Happy Friday, ya’ll!
Chapter 1- Elkanah the Ephraimite has two wives; Peninnah who has several children, and Hannah who is barren (but also Elkanah’s favorite wife.) When they go to the temple to make a yearly offering, Hannah crys, prays, begs God for a son, and promises to dedicate him to God after he is born. The priest Eli sees her in her sad, prayerful state and accuses her of being drunk, but then blesses her when he learns what is really going on. She does conceive, and gives birth to a son named Samuel. After he is weaned, she takes him to the house of the Lord in Shiloh, makes sacrifices and dedicates Samuel to God.
I’m noticing a theme with the barren wife being the favorite wife. It happened with Rachel/Leah/Jacob as well. I guess God uses babies a consolations prizes for unloved wives.
I’m also noticing a trend that people didn’t deal with multiple marriages very well back in the day. “And [Hannah’s] rival [Peninnah] also provoked her severely, to make her miserable, because the Lord had closed her womb. So it was, year by year, when she went up to the house of the Lord, that she provoked her; therefore she wept and did not eat.” (6,7) Look, I understand that women didn’t really have any say in this multiple marriage business, but I think they could’ve made better use of the bad situation. Is it really a good plan to be a jerk to your barren, and obviously grieving, sister wife? I don’t think so. Let’s try to be friends.
After we finally get gay marriage fully legalized, I think multiple marriages will be one of the next issues to come up in society. So, let me be an equality hipster, and go on the record as supporting polyamorous marriages before it’s cool to do so. But, I think it needs to be a hell of a lot more consensual than the multiple marriages of the Bible.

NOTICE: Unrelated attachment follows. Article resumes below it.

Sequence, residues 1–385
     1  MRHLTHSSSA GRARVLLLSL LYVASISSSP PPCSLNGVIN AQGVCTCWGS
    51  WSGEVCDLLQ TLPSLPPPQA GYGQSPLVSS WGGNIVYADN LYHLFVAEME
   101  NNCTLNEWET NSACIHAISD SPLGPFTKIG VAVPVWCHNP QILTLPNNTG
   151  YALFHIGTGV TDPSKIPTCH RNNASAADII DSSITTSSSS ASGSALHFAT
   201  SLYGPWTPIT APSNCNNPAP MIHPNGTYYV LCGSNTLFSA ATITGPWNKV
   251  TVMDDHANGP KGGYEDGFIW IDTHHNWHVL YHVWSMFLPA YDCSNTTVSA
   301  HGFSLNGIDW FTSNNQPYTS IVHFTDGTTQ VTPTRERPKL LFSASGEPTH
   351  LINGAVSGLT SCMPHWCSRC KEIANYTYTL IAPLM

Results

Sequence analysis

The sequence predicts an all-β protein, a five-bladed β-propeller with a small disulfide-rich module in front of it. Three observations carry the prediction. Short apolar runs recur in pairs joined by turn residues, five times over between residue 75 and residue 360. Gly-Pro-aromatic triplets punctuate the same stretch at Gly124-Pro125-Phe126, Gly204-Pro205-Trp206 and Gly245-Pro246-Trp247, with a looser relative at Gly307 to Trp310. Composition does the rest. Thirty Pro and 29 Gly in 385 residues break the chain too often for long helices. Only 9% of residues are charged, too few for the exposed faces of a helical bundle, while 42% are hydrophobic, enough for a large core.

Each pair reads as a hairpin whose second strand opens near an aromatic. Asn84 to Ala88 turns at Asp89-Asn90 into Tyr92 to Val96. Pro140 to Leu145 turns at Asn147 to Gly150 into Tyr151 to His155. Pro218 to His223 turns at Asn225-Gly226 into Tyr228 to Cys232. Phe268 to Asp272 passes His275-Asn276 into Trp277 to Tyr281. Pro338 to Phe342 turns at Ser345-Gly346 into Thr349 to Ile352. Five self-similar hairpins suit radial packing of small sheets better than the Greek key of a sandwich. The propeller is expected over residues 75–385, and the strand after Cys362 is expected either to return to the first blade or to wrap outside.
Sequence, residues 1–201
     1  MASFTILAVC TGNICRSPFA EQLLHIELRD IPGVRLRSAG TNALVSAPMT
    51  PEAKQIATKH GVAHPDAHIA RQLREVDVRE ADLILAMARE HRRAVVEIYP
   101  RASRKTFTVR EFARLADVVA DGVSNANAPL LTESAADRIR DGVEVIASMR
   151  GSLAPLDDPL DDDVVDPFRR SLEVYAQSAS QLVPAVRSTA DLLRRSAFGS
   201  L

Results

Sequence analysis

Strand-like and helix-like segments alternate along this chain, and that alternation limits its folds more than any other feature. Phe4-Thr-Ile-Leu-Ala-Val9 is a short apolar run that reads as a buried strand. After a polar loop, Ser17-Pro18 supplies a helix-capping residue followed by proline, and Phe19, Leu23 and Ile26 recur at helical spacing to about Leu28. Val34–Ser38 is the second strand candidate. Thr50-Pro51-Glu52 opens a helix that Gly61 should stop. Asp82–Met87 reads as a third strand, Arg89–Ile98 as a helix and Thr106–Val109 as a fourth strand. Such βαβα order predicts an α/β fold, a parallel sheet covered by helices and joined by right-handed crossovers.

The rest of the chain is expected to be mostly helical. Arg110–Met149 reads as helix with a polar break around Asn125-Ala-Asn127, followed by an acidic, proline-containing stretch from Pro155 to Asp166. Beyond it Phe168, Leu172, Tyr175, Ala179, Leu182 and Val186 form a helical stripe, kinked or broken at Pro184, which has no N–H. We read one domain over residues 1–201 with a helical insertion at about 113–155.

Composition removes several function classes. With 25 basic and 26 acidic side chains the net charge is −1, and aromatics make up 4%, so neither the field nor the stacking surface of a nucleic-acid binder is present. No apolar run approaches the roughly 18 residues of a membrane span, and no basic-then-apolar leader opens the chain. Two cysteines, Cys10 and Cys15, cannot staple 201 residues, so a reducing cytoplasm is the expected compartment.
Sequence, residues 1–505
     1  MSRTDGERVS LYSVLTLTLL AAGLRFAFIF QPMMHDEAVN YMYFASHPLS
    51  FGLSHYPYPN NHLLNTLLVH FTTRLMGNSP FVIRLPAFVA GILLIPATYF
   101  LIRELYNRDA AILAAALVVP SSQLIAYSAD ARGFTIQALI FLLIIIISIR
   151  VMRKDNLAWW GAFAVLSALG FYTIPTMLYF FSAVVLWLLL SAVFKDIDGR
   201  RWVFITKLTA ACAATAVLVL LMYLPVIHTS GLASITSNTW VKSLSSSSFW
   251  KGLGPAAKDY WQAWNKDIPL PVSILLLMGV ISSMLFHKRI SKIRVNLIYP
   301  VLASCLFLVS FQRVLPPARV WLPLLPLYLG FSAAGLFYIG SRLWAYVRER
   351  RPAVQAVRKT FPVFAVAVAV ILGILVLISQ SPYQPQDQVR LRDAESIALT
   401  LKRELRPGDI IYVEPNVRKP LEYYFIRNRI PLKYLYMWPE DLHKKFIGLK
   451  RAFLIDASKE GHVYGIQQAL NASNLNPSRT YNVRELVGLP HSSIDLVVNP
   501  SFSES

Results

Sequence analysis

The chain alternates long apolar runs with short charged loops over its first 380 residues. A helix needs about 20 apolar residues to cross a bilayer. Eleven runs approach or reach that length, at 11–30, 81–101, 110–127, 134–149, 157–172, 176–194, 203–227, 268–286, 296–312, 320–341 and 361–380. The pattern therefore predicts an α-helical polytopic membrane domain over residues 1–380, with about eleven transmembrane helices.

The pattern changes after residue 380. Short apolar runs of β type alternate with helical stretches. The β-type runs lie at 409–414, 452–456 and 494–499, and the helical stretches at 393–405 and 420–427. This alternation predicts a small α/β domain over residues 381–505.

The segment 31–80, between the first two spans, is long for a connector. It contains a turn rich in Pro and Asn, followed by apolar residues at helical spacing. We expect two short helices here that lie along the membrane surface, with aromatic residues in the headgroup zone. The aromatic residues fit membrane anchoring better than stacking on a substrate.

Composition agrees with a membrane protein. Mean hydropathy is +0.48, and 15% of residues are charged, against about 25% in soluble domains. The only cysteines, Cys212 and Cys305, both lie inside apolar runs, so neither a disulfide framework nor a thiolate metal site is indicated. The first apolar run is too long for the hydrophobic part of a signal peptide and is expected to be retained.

Chapter 2- Hannah prays, then she and Elkanah leave Samual at the house of God and go home. Hannah goes on to have 3 more sons and 2 daughters. The sons of Eli the priest are corrupt and are taking more of the sacrificial meat for themselves than they should be. A man of God comes to Eli and rebukes him for this, and tells him that God will raise up a new priest to serve and that Eli’s family will have to beg for food from the new priest after they have been removed from power. All this time Samuel is growing up in the temple and is being a faithful person.
In verse 25, Eli attempts to chastise his sons for their wicked ways: “‘If one man sins against another, God will judge him. But if a man sins against the Lord, who will intercede for him?’ Nevertheless they did not heed the voice of their father; because the Lord desired to kill them.” They did not listen because their rebellion was part of God’s plan to kill them. Yay free will!
Chapter 3- God calls out to Samuel. Samuel thinks it’s Eli, and goes to him. Eli tells him to go back to bed. The third time this happens, Eli realizes it’s God calling the boy, and tells Samuel to answer God next time it happens. God tells Samuel that he plans to destroy the house of Eli. The next day, Eli asks to hear what vision God gave Samuel, so he hesitantly tells Eli about it. From that time on, God is with Samuel, and he becomes known in the land as a prophet.
“So Samuel grew, and the Lord was with him and let none of his words fall to the ground.” (19) I like that. Very poetic.
Aaand, that’s all I have to say about that. I’ve entered back in to relatively familiar biblical territory, so nothing terribly surprising happened today.